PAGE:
When asked why Grameen only lends to women, Yunus explained that women, in general, take care of their families and their communities. They will sacrifice to see that their children are fed, clothed, and educated before they will spend the money frivolously on themselves. The accountability achieved through this community model has achieved phenomenal results with repayment rates over ninety-eight percent. [iii]

Because of access to capital, whole villages in Bangladesh were lifted out of poverty. Grameen Bank now operates in 11 countries serving more than 1 million clients.[iv] Its success has been a model for other microfinance organizations. ICC not only meets the immediate needs of our Christian brothers and sisters but supplies the capital and training. Being a persecuted or displaced person no longer is a generational life sentence of low education, marginalization, and poverty. Aid should include vocational training or business training with capital. This is part of the way that ICC partners with aid recipients. Following country-specific guidelines from the UN Humanitarian Aid Charter, ICC supports its recipients with livelihood training and cash assistance projects.

Muslims who convert to Christianity face immediate dangers including physical violence, lack of community and familial support, prosecution, job loss, displacement, and even death. ICC supplies at least six months of basic care. It includes not only a safe place to live, medical care, food, and education for their children, but also job training, small business training, and start-up capital. This holistic approach of “generation transformation” combines quality education for the children, while providing vocational and small business training and funding to the parents. This partnership allows displaced Christians to become self-sufficient. When parents can once again provide for their children, a sense of dignity is restored. ICC’s Hope House in the Middle East is the perfect example of success stories using this approach.[v]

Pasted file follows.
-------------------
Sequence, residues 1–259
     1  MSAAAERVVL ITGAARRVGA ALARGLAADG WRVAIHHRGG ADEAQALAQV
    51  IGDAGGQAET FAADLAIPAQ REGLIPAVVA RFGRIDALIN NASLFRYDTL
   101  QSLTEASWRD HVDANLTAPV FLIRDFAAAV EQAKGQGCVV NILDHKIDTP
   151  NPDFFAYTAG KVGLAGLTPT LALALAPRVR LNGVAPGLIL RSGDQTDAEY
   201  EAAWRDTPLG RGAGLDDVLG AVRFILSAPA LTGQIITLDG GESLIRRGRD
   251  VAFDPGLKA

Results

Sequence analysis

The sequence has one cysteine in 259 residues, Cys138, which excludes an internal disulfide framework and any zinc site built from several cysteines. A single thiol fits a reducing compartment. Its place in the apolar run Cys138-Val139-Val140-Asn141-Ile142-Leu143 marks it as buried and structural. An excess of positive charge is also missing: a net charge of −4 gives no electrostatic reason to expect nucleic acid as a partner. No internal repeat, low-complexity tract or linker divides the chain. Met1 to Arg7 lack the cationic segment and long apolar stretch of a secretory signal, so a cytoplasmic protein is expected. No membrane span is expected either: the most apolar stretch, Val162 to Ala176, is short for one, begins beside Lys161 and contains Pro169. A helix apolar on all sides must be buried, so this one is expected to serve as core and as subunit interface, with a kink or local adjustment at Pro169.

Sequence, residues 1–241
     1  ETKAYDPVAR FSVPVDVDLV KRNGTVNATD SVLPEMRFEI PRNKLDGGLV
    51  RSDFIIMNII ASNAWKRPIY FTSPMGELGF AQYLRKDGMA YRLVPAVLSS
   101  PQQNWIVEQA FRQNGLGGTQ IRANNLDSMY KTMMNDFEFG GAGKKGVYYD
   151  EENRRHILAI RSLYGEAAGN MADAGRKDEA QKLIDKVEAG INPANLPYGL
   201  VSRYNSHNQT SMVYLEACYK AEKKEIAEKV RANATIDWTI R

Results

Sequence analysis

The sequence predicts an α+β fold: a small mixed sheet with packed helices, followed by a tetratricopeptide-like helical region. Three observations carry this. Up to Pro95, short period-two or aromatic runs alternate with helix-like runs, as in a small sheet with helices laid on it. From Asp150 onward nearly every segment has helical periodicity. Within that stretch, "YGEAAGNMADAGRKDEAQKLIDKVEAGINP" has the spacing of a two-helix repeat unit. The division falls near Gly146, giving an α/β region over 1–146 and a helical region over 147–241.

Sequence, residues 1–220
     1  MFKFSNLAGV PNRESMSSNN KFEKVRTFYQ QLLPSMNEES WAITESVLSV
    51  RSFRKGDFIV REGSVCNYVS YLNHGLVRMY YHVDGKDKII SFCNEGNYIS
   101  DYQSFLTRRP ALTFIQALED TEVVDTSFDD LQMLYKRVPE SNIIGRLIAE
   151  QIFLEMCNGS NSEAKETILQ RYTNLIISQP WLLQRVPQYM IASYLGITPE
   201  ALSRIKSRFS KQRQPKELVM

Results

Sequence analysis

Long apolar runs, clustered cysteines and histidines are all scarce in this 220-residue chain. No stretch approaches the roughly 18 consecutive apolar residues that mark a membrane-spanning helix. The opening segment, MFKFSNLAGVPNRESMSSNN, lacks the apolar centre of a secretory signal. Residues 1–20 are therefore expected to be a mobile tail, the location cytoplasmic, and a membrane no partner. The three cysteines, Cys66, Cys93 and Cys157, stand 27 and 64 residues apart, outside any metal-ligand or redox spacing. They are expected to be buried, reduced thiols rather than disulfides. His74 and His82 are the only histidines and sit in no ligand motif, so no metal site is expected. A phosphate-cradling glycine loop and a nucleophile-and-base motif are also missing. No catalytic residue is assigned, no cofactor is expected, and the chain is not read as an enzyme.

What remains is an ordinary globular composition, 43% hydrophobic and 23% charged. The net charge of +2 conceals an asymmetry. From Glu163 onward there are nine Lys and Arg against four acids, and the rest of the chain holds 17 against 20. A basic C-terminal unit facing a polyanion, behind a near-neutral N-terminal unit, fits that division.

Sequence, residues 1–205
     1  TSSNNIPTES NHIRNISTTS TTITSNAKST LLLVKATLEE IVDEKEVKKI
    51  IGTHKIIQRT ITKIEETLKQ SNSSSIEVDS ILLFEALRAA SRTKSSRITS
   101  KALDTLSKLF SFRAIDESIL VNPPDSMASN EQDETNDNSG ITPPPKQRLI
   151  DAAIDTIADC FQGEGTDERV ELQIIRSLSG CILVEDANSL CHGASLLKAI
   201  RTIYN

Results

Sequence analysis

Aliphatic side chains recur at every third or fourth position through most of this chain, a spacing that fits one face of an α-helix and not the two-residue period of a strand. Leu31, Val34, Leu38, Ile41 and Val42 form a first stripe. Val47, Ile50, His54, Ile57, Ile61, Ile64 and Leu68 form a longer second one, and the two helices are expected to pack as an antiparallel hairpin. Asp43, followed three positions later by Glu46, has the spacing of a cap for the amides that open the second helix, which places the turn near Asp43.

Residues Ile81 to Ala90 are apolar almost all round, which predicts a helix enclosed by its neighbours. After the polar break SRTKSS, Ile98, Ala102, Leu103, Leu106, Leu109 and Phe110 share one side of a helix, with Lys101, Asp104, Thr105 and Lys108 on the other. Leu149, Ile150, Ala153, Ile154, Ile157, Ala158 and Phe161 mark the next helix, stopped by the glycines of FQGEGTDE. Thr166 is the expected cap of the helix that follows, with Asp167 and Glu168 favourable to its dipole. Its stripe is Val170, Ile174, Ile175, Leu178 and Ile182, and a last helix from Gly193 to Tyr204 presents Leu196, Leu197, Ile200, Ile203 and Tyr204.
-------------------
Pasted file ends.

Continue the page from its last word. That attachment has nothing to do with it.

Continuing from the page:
In recent years, Nigeria has been ranked the most dangerous country for Christians. Believers are attacked, displaced, kidnapped, and killed for their faith. ICC has worked hard to identify needs and put programs into action. Here, the business is farming. Community farms have been established as both livelihood initiatives and sources of sustainable food.[vi] Communities receive seeds, gifts-in-kind, and ongoing training to ensure their success. Through generous donors, 20 farms have been set up in Nigeria, but the work does not stop there. ICC has identified other communities that need such farms. While gifts-in-kind and short-term aid are necessary, training and access to capital is a generational game-changer for the poor and persecuted.

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[i] Parsell, C., & Clarke, A. (2020, October 21). Charity and Shame: Towards Reciprocity.


[ii] Nobel Prize. (2019). The Nobel Peace Prize 2006.


[iii] Kamaluddin, S. (n.d.). Grameen Bank, Bangladesh. Retrieved January 11, 2023, from


[iv] Grameen Foundation. (2023). Grameen Foundation.


[v] International Christian Concern. (n.d.). Generation Transformation. International Christian Concern. Retrieved January 11, 2023, from


[vi] “Nigerian Christian Farmers in Crisis.” International Christian Concern, Accessed 9 Jan. 2023.